Elections on 15 May are crucial for the future of Lebanon (and Christians)
The vote is an act of faith at a critical moment in the country’s life. Hezbollah’s weapons, positive neutrality, financial crisis and law reform are the main issues. Christian parties are vying for voters’ support amid polarisation. Lebanon-North III is a key constituency. The new parliament will elect a new president.
Beirut (AsiaNews) – The fact that parliamentary elections are taking place at all, despite all the darkness of the times, bears witness to Lebanon’s durability. Still, a month and a half before the election (15 May), political polarisation is growing day by day.
The election has crystallised around four main themes: Hezbollah’s weapons; Lebanon’s “positive neutrality”, defended by the Maronite patriarch; the banking and financial crisis which have ruined the Lebanese; and law reform, in particular as it relates to uncovering the circumstances that led to the Beirut Port explosion of 4 August 2020.
Following the vote, the new 128-member parliament, elected via proportional representation, will be tasked with choosing a new President of the Republic. The mandate of the incumbent head of state, President Michel Aoun, will end on 31 October.
Over the past two years, cracks have emerged within the incumbent majority between Gebran Bassil’s Free Patriotic Movement (FPM) and Nabih Berri’s Amal movement, as well as between the FPM and Suleiman Frangieh’s Marada Movement. Hezbollah is trying, out of necessity, to bridge the gap between these groups.
The election is also seen as an opportunity to structure the thaoura (revolution), the protest movement of 17 October 2019, with the help of Western embassies through direct aid or NGOs, to change the balance of power within Lebanon’s parliament.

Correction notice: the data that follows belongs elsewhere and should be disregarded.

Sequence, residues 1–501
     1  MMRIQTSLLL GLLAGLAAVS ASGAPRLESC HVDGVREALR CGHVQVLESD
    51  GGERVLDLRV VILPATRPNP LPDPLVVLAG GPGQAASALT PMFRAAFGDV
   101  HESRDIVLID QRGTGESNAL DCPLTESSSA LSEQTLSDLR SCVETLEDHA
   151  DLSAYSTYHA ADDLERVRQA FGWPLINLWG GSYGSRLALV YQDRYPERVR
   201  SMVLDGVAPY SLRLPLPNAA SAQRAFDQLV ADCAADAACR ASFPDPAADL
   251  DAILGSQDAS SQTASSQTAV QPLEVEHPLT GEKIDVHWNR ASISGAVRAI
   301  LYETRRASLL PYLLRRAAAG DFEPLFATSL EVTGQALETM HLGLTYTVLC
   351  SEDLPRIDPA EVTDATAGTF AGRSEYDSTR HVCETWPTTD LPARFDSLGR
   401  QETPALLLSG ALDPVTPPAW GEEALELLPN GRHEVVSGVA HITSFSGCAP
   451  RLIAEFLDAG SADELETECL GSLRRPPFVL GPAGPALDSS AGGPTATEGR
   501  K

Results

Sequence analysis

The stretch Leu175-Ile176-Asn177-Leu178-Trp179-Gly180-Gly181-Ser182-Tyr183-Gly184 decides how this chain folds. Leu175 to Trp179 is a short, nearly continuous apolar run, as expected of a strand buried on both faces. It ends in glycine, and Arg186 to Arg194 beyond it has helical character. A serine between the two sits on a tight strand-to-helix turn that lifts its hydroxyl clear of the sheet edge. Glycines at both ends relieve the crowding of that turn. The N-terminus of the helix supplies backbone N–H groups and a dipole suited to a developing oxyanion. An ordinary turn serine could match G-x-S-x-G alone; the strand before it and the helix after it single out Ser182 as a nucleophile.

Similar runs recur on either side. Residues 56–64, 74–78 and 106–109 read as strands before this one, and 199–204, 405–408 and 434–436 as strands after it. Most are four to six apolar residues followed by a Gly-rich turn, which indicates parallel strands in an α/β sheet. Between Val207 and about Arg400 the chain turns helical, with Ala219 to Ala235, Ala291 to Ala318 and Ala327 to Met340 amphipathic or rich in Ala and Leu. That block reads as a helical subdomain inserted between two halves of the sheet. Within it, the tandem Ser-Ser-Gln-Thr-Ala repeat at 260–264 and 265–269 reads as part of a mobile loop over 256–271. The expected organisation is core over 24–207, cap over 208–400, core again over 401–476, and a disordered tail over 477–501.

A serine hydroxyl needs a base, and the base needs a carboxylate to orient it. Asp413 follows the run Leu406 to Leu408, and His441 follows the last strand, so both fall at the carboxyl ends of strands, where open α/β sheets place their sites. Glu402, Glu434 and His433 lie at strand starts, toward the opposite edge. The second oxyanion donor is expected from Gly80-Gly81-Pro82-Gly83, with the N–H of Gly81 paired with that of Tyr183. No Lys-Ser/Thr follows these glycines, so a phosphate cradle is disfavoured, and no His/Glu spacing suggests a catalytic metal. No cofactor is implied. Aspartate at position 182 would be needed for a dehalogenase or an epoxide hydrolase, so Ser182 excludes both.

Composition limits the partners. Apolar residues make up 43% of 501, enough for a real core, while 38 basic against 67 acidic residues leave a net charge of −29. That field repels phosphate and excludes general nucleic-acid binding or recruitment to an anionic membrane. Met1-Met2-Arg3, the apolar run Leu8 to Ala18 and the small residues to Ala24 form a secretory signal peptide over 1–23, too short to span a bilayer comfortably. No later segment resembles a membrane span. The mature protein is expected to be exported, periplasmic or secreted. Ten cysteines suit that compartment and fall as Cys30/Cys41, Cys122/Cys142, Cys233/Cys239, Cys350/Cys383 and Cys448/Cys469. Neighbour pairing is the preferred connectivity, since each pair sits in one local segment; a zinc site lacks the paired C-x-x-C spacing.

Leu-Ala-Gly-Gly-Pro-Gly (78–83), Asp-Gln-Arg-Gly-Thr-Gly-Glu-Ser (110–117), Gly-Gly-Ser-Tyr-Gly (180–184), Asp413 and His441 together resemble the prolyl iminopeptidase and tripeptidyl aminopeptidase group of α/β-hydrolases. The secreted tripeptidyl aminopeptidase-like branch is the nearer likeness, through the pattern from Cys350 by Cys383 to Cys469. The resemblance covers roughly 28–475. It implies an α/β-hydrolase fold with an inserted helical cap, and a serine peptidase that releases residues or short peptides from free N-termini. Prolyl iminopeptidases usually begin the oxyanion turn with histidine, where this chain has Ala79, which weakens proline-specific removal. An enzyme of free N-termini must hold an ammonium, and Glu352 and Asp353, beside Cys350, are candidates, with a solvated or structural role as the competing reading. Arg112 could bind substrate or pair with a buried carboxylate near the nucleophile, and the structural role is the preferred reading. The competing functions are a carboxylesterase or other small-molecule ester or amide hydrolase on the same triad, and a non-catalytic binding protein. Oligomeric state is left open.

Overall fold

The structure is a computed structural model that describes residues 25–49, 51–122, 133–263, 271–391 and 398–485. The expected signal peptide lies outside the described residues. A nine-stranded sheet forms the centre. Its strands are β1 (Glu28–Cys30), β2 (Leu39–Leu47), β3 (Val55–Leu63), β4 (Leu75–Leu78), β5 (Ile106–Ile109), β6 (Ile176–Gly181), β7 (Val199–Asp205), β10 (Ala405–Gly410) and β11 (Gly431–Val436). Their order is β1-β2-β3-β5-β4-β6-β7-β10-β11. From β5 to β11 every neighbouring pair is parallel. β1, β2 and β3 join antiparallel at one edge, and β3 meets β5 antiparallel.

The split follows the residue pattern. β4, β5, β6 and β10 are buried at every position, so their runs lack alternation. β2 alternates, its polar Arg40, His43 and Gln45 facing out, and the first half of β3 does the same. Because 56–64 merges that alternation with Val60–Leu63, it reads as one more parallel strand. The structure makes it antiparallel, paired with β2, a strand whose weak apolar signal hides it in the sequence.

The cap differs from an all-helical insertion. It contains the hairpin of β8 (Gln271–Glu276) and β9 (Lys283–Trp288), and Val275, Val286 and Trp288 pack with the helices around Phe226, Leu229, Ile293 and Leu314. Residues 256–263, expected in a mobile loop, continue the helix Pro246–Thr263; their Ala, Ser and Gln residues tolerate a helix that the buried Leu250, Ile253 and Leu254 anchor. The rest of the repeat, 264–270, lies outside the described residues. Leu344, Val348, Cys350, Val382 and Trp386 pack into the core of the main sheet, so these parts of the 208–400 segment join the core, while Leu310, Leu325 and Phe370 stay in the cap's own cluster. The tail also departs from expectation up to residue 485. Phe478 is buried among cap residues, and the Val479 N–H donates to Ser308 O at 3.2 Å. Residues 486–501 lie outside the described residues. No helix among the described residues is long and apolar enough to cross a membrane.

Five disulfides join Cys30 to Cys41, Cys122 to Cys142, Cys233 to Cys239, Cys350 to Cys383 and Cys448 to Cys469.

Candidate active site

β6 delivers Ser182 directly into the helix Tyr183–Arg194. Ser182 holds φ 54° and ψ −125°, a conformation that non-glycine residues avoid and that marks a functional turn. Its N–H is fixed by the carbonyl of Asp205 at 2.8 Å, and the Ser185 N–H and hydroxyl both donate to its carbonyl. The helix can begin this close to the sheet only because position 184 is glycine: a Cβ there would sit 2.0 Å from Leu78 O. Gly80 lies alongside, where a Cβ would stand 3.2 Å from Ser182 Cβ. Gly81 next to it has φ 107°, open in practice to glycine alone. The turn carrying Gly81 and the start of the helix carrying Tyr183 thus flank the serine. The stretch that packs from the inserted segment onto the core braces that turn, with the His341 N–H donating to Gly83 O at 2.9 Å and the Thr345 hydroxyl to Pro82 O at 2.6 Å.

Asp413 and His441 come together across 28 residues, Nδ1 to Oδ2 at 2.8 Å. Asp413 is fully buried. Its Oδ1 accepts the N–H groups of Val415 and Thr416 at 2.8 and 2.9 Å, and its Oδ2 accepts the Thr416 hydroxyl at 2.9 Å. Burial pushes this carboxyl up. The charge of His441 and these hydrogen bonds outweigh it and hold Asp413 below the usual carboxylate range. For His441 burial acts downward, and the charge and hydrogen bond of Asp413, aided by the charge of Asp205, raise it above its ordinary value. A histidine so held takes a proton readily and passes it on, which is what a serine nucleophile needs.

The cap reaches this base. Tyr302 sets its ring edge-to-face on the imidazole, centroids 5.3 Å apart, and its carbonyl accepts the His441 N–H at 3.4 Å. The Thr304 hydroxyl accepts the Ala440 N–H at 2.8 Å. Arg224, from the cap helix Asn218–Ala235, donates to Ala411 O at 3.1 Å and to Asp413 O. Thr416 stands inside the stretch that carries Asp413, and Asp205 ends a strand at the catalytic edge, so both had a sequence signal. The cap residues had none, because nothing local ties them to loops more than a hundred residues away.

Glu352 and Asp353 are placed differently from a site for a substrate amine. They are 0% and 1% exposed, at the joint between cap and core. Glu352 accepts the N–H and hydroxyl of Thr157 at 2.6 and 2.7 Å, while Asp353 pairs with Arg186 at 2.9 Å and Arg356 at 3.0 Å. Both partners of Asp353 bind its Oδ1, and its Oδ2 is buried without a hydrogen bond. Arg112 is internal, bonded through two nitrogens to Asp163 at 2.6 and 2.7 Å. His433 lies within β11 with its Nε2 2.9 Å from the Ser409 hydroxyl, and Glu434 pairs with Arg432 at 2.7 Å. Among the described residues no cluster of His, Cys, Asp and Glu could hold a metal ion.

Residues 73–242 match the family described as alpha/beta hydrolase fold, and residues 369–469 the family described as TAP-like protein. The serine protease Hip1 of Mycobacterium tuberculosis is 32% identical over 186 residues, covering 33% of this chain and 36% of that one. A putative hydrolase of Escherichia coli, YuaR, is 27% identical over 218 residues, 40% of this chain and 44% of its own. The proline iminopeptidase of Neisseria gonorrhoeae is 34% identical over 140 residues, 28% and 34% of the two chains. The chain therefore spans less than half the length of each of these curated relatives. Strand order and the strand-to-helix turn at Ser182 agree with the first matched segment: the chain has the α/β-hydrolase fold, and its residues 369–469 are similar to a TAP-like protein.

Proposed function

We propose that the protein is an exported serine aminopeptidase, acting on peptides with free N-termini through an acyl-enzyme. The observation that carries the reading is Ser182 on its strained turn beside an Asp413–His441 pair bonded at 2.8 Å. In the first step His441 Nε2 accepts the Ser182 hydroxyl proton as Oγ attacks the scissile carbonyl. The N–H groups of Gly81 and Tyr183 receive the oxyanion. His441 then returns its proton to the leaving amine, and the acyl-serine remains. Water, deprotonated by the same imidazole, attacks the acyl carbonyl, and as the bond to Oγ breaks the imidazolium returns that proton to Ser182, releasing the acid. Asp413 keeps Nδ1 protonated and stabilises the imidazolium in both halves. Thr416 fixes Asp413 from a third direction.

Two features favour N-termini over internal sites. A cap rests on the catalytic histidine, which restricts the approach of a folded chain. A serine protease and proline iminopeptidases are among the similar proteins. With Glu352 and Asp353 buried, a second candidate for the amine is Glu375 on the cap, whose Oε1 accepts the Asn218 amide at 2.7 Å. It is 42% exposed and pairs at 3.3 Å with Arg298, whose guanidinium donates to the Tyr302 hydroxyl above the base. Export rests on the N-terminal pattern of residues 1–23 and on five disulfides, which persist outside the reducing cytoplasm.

However, the proliferation of party lists resulting from the protest movement is a sign of its pending defeat since its leaders have failed to form a united front. Of the 103 registered party lists, around 30 belong to this area.
More generally, the election will be influenced by the decision of Saad Hariri, leader of the moderate Sunni Future Movement, to drop out of the race and call on his supporters not to stand for election.
This vacuum could considerably reduce the electoral threshold and might benefit pro-Syrian Sunni leaders won over to Hezbollah. This in turn might compensate for the potential losses caused by the FPM’s decline in popularity among Christians.
Meanwhile, conscious of the risks of a stronger Hezbollah, the ambassadors of Saudi Arabia and Kuwait came back to Beirut last Friday, a little more than five months after they were recalled following a serious diplomatic spat between Lebanon and several Gulf monarchies.
Saudi and Kuwaiti diplomats are working, during Ramadan, to show their support for Sunni candidates who have defied Hariri’s ban, by organising iftar, the post-sunset meal Muslim take to break their fast.
North Lebanon III, key constituency
North Lebanon III is a constituency where the battle for votes is likely to prove decisive for the Christian camp, in particular Maronites. The future of this group will be decided on 15 May in this Christian majority a region, including perhaps that of Michel Aoun’s successor.
Covering four large districts (Batroun, Koura, Bécharré and Zghorta), it has 10 seats (seven Maronite and three Greek-Orthodox).
The two great Christian rivals are Lebanese Forces leader Samir Geagea (who is not running) and FPM leader Gebran Bassil. Marada Movement leader Suleiman Frangieh is the third major Maronite leader, who could also run for president.
In addition to Geagea, Bassil and Frangieh and their parties, other groups in the race are: an alliance that includes Michel Mouawad, a former Bassil ally who moved away from the FPM after the uprising of 17 October 2019, the Kataeb (Phalanges) party and a new emerging figure, Majd Mouawad, son of former lawmaker Boutros Mouawad.
Three other lists bringing together the protest movement will also join the race hoping to make a breakthrough.
It should be finally noted that North Lebanon III has the largest number of expatriates registered to vote (more than 26,000), and could flip the result if they vote as a block for the same list.
According to experts, more than 40 per cent of expatriates are said to be close to the Lebanese Forces, a clear threat for the FPM.